Nuria Roure, a psychologist specializing in sleep medicine and the author of Por fin duermo (or Sleep, at Last), says these findings about the relationship between sleep and emotion control are consistent with previous studies. Roure says good sleep quality enables the two spheres of the brain – the rational and the emotional – to maintain a close connection and function like a car accelerator and brake. However, poor sleep quality disrupts this connection, and our brakes fail. “When we do not sleep well, we have greater emotional instability,” said Roure. “We have more ups and downs, become more sensitive and less tolerant of our circumstances. We experience an emotional roller coaster. We also have less self-control and become more impulsive. That’s why it’s harder for us to stop watching a TV series when we haven’t slept enough.”

Healthier viewing habits

Varallo says binge-watching can be problematic but can also be benign if done the right way, which is why psychiatrist Xesca Cañellas, a member of the Spanish Sleep Society’s (SES) insomnia working group, noted several limitations of the study. It was conducted during the Covid-19 pandemic confinement and used a non-random sample of mostly young university students who volunteered to participate in the study. Cañellas prefers to avoid “guilting” people and instead recommends “reasonable viewing habits and avoiding binge watching and sleep deprivation. Most importantly, try not to disrupt the body’s circadian sleep-wake rhythm.”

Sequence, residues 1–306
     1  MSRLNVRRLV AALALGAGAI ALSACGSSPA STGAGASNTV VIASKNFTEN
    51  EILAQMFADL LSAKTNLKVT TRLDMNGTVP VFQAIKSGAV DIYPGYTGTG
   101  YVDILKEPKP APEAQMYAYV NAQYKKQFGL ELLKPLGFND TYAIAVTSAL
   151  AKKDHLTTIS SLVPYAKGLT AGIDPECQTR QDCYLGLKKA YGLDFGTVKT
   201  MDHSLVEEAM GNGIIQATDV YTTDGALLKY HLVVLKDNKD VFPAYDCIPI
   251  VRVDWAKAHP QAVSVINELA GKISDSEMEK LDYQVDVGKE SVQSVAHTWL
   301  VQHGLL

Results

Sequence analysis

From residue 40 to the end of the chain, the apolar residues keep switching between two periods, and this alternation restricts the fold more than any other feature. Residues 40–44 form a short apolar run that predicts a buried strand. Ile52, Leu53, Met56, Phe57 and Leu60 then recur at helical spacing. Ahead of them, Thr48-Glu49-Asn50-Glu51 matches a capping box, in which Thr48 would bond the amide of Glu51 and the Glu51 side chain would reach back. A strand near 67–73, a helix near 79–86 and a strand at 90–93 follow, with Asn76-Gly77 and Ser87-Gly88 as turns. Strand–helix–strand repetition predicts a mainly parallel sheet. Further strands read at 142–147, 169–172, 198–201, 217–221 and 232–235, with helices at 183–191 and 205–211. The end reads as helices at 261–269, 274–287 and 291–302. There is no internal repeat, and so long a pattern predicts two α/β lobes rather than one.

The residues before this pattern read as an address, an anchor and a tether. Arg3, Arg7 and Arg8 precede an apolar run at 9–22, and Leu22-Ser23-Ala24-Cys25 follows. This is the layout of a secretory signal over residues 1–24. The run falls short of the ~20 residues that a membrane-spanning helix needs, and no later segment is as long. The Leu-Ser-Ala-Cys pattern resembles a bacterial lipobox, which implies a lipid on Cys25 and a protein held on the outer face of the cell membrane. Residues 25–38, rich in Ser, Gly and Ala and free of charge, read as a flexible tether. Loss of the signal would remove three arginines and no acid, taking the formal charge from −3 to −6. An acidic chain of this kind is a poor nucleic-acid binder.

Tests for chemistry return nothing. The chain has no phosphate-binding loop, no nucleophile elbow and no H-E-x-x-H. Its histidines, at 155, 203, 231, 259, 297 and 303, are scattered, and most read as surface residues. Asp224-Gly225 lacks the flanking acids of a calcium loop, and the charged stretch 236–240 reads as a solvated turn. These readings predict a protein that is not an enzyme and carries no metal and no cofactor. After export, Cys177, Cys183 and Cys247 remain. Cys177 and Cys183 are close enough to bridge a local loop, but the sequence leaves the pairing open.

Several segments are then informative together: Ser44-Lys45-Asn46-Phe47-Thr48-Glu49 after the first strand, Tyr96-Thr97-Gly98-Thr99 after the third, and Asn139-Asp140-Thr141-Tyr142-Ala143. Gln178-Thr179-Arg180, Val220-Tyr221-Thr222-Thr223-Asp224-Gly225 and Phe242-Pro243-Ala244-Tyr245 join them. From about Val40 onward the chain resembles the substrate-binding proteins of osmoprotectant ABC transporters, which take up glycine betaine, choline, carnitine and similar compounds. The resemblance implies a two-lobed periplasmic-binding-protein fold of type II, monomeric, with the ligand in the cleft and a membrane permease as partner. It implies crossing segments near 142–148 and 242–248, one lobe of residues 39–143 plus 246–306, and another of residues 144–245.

Cañellas says modern lifestyles, especially for city-dwellers, are not very compatible with good sleep habits such as getting up at dawn, spending time outside, being physically active and going to bed shortly after dark. “For starters, most of us get very little direct sunlight. And at night, we are highly exposed to artificial light and perpetually connected to screens, which emit blue light and inhibit the production of melatonin that should start at dusk.”